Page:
Bandung Framework for Asia-Africa Cooperation

First Asia-Africa Forum: Working Together Towards
the Twenty-First Century, Bandung, 12-16 December 1994

The Asia-Africa Forum was held in Bandung, Indonesia, from 12 to 16 December 1994. His Excellency President Soeharto of Indonesia marked the significance of the Forum by delivering the inaugural address. The Secretary-General of the United Nations sent a message of encouragement and support to the Forum. The Forum agreed that the inaugural address of President Soeharto and the message of the Secretary-General are official documents of the meeting.

The Forum was a follow-up to the Tokyo International Conference on African Development (TICAD), held in Tokyo from 5 to 6 October 1993, which addressed Africa's critical development issues and reached a consensus on the development priorities to be pursued. The Tokyo Declaration adopted by TICAD provided an opportunity to restate the commitment of the international community to support African development; more specifically, it underscored the relevance to Africa of the development achievements in East and South-East Asia and called for increased South-South cooperation between Asia and Africa.

The Forum was co-organized by the Governments of Japan and Indonesia, the United Nations Secretariat, the United Nations Development Programme (UNDP) and the Global Coalition for Africa (GCA).

The participants at the Forum comprised representatives from 6 Asian and 37 African countries, 14 Asian and African institutions invited for the relevance of their development efforts and 7 supporting UN and other international organizations. Brazil, France, Germany, the Netherlands and the United States attended the Forum as observers.

The Forum facilitated a direct dialogue and exchanges between senior Asian and African officials involved in development planning and management in institutions such as Presidents' and Prime Ministers' offices, ministries of planning, economy, finance and external cooperation and international and regional organizations concerned with development.

The Forum adopted a series of recommendations after substantive discussions on the following themes: promoting sustainable development in Africa: sharing of experiences; human resources and institutional development; enhancing productivity in the agricultural sector; financing development; and modalities of development cooperation between Asia and Africa.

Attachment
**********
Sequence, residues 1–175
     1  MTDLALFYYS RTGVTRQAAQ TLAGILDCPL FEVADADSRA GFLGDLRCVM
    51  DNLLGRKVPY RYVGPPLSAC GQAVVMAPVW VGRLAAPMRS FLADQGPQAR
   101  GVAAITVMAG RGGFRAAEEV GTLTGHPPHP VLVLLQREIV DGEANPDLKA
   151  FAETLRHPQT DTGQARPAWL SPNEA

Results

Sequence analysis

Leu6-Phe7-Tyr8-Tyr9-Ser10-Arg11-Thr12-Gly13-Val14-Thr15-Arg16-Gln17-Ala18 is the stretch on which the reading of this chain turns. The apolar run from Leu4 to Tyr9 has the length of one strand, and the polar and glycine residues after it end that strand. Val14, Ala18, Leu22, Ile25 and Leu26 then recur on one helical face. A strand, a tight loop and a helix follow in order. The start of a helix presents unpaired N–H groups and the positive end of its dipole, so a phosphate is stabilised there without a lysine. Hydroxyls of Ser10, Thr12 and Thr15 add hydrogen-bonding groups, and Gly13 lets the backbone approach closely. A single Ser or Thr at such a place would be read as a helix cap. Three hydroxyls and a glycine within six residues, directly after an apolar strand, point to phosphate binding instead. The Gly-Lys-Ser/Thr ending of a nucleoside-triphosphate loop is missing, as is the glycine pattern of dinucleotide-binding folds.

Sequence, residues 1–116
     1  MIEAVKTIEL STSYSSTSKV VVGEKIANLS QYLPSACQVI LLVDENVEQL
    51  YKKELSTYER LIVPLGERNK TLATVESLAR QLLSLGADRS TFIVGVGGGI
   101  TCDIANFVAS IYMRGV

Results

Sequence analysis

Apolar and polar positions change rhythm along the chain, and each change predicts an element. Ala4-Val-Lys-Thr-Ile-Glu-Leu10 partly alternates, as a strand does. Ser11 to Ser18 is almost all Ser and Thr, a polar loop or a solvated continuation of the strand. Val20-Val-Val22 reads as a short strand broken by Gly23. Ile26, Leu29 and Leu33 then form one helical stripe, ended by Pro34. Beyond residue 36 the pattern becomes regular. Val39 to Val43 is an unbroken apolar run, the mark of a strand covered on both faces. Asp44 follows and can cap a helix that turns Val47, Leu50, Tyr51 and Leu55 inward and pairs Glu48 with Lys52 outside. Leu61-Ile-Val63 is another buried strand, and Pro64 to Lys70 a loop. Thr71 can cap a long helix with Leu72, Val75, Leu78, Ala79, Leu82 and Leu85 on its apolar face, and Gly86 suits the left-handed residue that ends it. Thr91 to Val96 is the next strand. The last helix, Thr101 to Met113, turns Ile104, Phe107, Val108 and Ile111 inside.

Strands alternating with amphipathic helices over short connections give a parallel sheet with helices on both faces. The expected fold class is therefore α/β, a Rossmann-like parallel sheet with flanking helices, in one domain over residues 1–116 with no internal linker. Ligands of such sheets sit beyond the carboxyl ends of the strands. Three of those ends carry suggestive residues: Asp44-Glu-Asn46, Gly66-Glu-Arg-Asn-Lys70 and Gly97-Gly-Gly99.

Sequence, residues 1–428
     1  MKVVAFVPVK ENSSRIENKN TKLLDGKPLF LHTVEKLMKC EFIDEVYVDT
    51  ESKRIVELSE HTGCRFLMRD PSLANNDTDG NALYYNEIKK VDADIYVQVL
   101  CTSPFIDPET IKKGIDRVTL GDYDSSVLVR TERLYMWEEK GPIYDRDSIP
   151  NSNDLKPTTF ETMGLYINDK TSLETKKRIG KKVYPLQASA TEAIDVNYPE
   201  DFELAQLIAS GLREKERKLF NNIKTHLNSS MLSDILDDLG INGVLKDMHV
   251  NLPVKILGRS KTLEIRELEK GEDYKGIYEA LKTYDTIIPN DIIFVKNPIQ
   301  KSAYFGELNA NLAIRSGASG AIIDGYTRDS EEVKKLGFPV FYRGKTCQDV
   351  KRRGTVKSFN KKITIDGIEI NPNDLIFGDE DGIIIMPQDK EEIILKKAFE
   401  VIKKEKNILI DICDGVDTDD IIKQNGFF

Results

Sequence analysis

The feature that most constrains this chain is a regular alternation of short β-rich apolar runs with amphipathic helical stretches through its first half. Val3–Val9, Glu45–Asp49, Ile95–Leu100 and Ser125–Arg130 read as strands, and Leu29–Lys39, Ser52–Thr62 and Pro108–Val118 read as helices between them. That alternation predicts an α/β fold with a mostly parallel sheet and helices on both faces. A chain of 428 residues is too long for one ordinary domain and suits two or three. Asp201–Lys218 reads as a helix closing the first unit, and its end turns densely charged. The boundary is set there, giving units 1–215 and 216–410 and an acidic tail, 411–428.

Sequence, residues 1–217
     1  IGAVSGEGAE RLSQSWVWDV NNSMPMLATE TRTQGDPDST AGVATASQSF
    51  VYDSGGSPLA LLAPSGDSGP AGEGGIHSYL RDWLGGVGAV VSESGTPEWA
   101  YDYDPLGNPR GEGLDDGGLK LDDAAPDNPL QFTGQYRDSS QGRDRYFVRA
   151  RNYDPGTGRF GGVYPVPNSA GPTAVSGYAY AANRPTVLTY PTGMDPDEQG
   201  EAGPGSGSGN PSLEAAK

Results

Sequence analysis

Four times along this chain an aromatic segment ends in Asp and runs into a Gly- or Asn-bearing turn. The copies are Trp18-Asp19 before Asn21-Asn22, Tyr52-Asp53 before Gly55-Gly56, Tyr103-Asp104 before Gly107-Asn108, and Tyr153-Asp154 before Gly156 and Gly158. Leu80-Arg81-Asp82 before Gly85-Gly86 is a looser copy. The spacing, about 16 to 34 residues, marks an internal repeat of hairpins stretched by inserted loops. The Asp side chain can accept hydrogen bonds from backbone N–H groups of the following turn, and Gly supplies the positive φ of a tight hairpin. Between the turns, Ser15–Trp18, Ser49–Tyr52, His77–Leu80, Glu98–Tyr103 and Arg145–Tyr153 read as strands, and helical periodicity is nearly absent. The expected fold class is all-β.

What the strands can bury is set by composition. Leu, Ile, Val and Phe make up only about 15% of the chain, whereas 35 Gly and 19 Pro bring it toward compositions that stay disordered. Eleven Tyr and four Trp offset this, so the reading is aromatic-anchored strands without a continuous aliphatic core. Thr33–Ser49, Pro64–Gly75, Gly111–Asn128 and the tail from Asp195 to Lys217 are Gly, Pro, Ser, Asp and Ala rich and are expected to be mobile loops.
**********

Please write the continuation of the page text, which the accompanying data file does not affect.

1. Promoting sustainable development in Africa: sharing of experiences

Despite a large natural resources base and the adoption of a series of structural adjustment programmes, African economies are still characterized by low economic growth rates stemming mainly from internal and external imbalances, low productivity in agriculture, skills shortages, high population growth and education and health problems.

The Forum recognized that the transformation of African economies from crisis to sustainable development needs to be based on a range of interventions across all economic and social sectors. Sustainable development, which includes not only economic development but also social development and sustainability of environment, must be a product of political commitment based on national consensus and must be inspired and led by a creative and dedicated national leadership. The Forum, therefore, recommended that development programmes be sustained by a strategy that accords priority to stability, development and equity. Based on these development objectives, there is the need to promote: (1) human resources development and institution-building; (2) economic and social infrastructure development; (3) agricultural development with special emphasis on achieving food security; (4) restructuring the economy towards a balanced economy; and, (5) social development.

The Forum reviewed and discussed the long-term policies and strategies that brought about high and sustained growth in Asian countries as identified by TICAD and noted in particular that, in most Asian countries, export-oriented strategies contributed significantly to capital formation and productivity increases in agriculture, especially food production, as well as in other sectors. While recognizing that there was no single Asian model that could be replicated and that there was no development panacea, the Forum agreed, nevertheless, that development success requires considerable sacrifice, hard work, vision, a pragmatic approach and reliance on internal sources of growth. In this respect, the Asian development experiences are very relevant. They also point out the need to strive for equity and reduce poverty while searching for growth and better resource management that makes it possible to raise the welfare of the current generation without jeopardizing the quality of development resources to be inherited by future generations. In this context, the Forum recommended that: